On March 27,1945, they had their seder.  Rebbe commented that they had both matzot and marror.  Where was marror?  Their life was the marror. As the youngest of the group, Sol, recited the Four Questions (Mah Nishtana) from memory.  All of the children in the camp had been killed, so there was no one to hide the afikomen.  Rebbe recited the rest of the seder by heart and ended with the following words, “Please, forgive us, Oh Master of the Universe, for conducting such a poor Passover Seder service. But it was the best we could do, and please deliver us, Oh Lord, from the hands of our enemies who rose up, once again, in this generation to destroy us.”

One month later they were liberated by the U.S. army.


This story strikes me as a story about the power of the individual and his faith.  Rebbe was an inspiration then, and he continues to be an inspiration today.

Warsaw Ghetto

The story of the Warsaw uprising will forever be closely connected to Pesach because it began on the night of the seder on April 19, 1943.  That was when German troops led by Jurgen Stroop entered the Warsaw ghetto with the intent of deporting the Jewish residents to Treblinka.

The Germans came with 2,000 soldiers and police, tanks and artillery. The Jewish underground consisted of two separate groups, the Jewish Combat organization led by Mordechai Anielewicz and the Jewish Military Unit.  Ultimately, they merged for the uprising and consisted of 750 underground soldiers.  They had also succeeded in getting in touch with a Polish underground unit and they received a small amount of weapons and explosives.  It was a true David and Goliath story.

On Pesach night, the Jewish underground was warned that the Germans were coming.  Its members told the residents of the ghetto to hide.  The people hid in underground bunkers and waited until the resistance encountered the Germans.  The Jews fought heroically and managed to push the Germans outside of the Ghetto on the first day.  They were poorly equipped and not trained, but performed sensationally in hand-to-hand combat where they would attack and then retreat into the buildings and underground hiding spaces.  The Jews who were not part of the Jewish underground did their part as well by refusing to listen to German orders to go to collection points.  The Nazis were clearly not acclimated to this type of defiance.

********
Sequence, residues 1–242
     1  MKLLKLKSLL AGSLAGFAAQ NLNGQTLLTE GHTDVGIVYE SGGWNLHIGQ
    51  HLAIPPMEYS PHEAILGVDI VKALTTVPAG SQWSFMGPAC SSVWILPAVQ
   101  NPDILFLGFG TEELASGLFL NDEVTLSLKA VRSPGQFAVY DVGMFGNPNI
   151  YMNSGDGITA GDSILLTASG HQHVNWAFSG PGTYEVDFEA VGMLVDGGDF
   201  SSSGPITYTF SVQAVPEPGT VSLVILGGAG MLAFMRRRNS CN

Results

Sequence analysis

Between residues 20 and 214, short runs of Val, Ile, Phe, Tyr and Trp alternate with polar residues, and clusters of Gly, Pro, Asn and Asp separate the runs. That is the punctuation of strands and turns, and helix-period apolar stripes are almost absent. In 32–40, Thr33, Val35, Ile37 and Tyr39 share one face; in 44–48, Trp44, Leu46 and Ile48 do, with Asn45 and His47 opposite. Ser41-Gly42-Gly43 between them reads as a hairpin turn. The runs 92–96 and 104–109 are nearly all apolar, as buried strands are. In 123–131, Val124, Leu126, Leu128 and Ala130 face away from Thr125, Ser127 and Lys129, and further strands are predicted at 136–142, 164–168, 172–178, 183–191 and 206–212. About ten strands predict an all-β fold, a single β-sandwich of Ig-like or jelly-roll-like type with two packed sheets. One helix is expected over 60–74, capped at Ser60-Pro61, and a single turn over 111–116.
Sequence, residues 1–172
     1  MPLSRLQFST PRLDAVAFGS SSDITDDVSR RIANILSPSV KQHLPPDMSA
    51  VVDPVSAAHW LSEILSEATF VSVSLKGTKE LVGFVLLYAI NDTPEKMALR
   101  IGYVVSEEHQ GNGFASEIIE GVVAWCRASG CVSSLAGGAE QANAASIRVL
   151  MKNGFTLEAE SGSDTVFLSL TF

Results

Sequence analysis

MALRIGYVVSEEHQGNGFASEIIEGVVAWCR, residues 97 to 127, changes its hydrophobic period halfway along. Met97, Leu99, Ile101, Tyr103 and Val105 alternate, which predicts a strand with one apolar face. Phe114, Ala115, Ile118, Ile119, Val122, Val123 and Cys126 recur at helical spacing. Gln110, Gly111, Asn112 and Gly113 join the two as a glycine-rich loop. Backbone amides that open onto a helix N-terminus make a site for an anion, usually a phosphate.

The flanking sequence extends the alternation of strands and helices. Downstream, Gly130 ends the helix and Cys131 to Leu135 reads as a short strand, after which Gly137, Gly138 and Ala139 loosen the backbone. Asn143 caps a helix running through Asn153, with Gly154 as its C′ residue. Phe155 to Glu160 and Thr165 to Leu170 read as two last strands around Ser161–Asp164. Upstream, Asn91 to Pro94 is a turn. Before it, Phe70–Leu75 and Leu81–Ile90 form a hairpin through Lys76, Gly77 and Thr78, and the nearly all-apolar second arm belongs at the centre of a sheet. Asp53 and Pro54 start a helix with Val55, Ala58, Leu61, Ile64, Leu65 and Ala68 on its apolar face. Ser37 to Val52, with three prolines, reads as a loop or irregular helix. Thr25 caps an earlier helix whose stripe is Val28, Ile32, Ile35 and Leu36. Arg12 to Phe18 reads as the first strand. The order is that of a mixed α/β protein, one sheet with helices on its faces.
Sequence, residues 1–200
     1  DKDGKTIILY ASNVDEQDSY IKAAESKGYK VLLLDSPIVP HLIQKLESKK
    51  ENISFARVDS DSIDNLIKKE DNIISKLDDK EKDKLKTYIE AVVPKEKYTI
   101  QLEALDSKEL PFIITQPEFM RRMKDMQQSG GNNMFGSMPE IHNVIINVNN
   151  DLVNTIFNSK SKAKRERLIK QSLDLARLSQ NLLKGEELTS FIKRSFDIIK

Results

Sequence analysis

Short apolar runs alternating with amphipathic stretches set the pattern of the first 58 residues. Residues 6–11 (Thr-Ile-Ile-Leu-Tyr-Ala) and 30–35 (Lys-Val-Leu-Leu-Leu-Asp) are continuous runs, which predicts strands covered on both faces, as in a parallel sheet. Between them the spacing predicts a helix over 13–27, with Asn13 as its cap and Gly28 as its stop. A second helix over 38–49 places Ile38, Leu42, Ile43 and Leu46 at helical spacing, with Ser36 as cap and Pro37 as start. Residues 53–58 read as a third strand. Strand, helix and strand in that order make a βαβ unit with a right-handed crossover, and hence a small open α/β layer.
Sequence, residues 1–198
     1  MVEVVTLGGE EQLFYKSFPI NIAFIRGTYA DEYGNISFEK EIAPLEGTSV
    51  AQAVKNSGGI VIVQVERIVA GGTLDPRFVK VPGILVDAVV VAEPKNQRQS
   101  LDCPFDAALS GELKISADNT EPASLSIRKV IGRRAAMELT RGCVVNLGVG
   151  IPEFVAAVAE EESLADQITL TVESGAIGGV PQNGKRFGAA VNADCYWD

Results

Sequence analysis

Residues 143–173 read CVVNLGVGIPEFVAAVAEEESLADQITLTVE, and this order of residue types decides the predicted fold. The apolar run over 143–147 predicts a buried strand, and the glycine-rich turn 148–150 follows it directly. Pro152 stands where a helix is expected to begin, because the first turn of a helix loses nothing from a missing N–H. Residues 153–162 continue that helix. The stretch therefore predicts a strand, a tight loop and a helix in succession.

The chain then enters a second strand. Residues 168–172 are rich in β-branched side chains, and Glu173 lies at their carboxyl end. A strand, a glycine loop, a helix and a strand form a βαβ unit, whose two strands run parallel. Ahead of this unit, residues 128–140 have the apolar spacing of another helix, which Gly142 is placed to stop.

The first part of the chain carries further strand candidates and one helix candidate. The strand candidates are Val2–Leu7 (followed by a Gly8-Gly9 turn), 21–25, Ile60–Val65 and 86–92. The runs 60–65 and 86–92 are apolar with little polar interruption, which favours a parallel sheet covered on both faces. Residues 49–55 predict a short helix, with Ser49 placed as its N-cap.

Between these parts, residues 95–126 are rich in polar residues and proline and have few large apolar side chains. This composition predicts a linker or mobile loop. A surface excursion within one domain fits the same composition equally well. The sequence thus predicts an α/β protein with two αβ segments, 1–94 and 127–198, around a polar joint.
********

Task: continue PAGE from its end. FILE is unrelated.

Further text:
On May 8th, the Germans captured 18 Mila, the headquarters of the Jewish Combat Organization, and they would later burn the ghetto to the ground.  They never captured the leaders of the Jewish underground though.  They were believed to have committed suicide. On May 16th Stroop announced, “The former Jewish Quarter in Warsaw is no more.”  The resistance had held out for almost one month.


The story of the Warsaw ghetto uprising could not have fallen on a more appropriate date.  It is a story of Jewish resistance, unity, and bravery.   Just as the Jews defied their oppressors by leaving Egypt under the guidance of Moses, the Jewish resistance fought back under the guidance of  Mordechai Anielewicz.  Neither group hesitated because they knew that they were dealing with an existential threat.

There are many more stories about the enduring connection between Jewish resistance and Pesach. As the world turns against us, it is imperative to remember that we have been there before, and it is our faith, bravery,  ingenuity, and the power of the individual that has saved us in the past.

Chag Sameach.

About the Author
Cheryl Levi is a writer and a high school English teacher who lives with her family in Bet Shemesh, Israel. She has a master's degree in medieval Jewish philosophy and has written numerous articles about faith crisis in Judaism. Her book, Reasonable Doubts, was published in 2010.